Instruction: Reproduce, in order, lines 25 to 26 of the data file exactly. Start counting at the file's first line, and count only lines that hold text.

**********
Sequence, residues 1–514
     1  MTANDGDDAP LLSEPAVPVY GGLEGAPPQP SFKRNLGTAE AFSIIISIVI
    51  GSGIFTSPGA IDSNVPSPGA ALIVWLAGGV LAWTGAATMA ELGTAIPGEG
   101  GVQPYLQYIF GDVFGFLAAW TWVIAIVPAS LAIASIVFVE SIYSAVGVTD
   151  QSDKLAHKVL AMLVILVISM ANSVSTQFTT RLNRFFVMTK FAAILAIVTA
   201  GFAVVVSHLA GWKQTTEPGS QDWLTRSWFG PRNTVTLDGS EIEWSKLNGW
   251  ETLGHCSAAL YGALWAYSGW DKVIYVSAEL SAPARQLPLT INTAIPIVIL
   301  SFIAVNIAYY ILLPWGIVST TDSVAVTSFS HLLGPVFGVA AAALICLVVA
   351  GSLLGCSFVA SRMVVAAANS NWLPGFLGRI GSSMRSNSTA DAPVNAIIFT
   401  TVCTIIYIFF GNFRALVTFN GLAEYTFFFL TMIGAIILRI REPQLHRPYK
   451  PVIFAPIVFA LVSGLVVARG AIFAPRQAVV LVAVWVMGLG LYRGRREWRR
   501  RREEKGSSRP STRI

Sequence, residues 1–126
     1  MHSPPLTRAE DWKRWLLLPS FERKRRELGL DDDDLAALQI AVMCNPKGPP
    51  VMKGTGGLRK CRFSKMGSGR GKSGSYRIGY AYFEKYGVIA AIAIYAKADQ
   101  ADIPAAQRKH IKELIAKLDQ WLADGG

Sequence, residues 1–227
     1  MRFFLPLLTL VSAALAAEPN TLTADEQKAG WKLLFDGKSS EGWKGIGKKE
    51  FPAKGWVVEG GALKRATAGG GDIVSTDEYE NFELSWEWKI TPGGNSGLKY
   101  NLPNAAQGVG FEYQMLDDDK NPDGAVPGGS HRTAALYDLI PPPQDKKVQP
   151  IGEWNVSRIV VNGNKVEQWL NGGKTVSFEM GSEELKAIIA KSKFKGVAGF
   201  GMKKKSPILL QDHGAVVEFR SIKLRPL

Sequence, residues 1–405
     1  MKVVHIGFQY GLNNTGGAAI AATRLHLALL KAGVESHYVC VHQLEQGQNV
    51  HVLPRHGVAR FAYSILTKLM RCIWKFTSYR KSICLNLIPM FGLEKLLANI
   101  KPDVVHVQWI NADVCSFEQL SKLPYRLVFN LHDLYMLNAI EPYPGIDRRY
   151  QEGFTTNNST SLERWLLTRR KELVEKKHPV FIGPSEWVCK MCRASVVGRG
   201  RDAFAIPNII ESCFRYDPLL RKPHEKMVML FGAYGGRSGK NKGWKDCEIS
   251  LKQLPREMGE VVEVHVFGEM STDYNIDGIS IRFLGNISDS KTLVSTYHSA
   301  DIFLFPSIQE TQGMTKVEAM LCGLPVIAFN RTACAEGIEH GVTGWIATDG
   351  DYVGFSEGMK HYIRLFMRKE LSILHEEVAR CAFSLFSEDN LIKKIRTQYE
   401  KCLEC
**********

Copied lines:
    51  HVLPRHGVAR FAYSILTKLM RCIWKFTSYR KSICLNLIPM FGLEKLLANI
   101  KPDVVHVQWI NADVCSFEQL SKLPYRLVFN LHDLYMLNAI EPYPGIDRRY